No one who has ever seen the movies “Close Encounters of the Third Kind” and Hitchcock’s “North by Northwest” can deny that they have a fascination with Devil‘s Tower and Mount Rushmore, and I am no exception. I have owned an Infiniti with one of those gizmos that maps out destinations, and one day while waiting (I don’t wait well) for my wife, Linda, at Nordstrom I fooled around with the GPS thing and mapped out a car trip to these two famous U.S. landmarks. I quickly realized that they are within 100 miles of each other. I hatched a plan to travel there by car, especially since we hadn’t taken a car trip, outside of one to Las Vegas, for years. So, in early July we packed, avoided making any reservations, loaded up the ice chest and headed to Devil’s Tower. I won’t bother with the details in between point A and point B because there aren’t any. With apologies to residents of Wyoming, I think whoever designed the state decided to put all of their efforts into two places — Devil’s Tower and the Tetons — and left the rest for another day.
As Linda and I approached Devil’s Tower on our second day of travel, I immediately morphed into Richard Dreyfuss and had visions of driving my car through fences and fields in pursuit of this grand example of nature’s art. This giant monolith’s grandeur is enhanced because it dramatically shoots upward in contrast to the surrounding, rolling hills. There are not many trails in the area, with the best being one that encircles Devil’s Tower at its base. We were particularly delighted to see rock climbers — no UFOs — scaling the sheer face of the north side of the monument. Our time there was joyous and although I will probably never make the long pilgrimage again, whenever I see “Close Encounters” I will have a perspective that not many afford themselves.
The next day Linda and I continued to our final destination, the Black Hills of South Dakota and Mount Rushmore. Our first sighting of the carved four presidents that make up the monument was sacred. It seemed like all of the postcards, documentaries, history book reports and movies quickly came together and left me silent. During our visit I learned a great deal about the origin of the monument that faces Mount Rushmore and its indomitable artist/sculptor, Gutzon Borglum. I don’t think many Americans would associate the name Borglum with Mount Rushmore, let alone realize that he came from Danish parents who had converted to the Mormon Church and traveled the vast distance to the Utah Territory in 1864, settling in what is now the Bear Lake region of southern Idaho. Gutzon (born, John Gutzon de la Mothe Borglum) was the product of his father’s second plural wife, the sister of the first wife. When Borglum’s father became disaffected with the Mormon Church, the jealousies of the two sisters, and the squalid sod-home, he removed his family to St. Louis, Missouri, where he studied to become a homeopathic doctor. Because the Borglums were now outside the protection of the Utah Territory, and therefore outlaws because of their polygamous lifestyle, Gutzon’s mother left the family and the children in the care of her sister. The circumstances of her leaving are unclear, but the children were directed never to speak of Gutzon’s mother, Christina.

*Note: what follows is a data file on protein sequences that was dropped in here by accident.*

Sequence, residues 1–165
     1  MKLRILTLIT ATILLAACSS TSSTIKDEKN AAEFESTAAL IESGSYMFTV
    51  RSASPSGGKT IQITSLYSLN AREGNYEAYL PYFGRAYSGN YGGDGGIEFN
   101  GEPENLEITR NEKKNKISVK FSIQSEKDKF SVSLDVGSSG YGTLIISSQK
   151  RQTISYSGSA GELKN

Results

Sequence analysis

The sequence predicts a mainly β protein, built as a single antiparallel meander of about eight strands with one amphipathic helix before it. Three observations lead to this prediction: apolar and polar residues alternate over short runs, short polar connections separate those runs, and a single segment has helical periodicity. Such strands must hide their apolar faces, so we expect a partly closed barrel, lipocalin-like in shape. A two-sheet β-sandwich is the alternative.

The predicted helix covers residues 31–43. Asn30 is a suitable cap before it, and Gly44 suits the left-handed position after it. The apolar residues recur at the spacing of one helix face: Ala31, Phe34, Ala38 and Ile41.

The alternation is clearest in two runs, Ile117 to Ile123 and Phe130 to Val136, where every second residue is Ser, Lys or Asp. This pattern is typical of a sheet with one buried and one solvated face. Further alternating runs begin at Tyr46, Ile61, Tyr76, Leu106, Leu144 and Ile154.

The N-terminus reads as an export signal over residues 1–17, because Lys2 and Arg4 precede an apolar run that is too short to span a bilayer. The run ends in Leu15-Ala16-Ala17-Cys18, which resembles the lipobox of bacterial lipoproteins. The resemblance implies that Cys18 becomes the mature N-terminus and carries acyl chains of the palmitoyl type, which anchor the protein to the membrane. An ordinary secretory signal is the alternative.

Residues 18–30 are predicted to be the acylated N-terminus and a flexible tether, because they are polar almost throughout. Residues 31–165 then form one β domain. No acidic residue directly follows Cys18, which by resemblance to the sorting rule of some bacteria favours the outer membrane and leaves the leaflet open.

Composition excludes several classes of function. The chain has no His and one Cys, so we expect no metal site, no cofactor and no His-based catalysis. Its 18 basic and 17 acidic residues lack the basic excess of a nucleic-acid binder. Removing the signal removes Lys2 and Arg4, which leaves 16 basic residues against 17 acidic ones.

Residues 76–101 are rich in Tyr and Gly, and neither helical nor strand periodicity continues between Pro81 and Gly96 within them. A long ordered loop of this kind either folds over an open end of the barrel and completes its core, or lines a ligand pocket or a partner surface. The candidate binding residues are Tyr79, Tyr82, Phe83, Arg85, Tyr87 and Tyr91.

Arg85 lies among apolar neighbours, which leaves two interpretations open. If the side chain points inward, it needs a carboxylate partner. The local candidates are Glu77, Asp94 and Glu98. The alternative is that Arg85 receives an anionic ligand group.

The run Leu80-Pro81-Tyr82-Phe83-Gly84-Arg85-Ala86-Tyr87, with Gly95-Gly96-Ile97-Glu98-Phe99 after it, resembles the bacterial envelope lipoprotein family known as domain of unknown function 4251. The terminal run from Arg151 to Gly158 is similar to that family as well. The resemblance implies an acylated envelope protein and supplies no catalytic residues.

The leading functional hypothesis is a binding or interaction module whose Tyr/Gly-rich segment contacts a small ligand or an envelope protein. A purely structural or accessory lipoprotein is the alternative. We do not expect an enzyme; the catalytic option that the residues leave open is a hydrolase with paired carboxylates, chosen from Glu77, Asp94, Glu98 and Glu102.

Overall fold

Gutzon was raised in the Midwest and amid the Wild West shows, Pawnee Indians and other characters of the West he discovered his talent for sketching, painting and sculpting. Fast forward to 1891 when Gutzon was studying in Paris at the Academie Julian and Ecole des Beaux-Arts, two favorite training destinations of early Utah artists. Gutzon spent the next couple of decades painting and sculpting across America and his artworks are now housed from the Springville Museum of Art to the Cathedral of St. John the Divine in Manhattan. His art even made it to his old training ground in France. His famous statue of Thomas Paine in Paris, was commissioned in 1937 by a memorial committee consisting of several people you may have heard of: Helen Keller, Albert Einstein, Bertrand Russell, Margaret Sanger and former French Premier Edouard Herriot.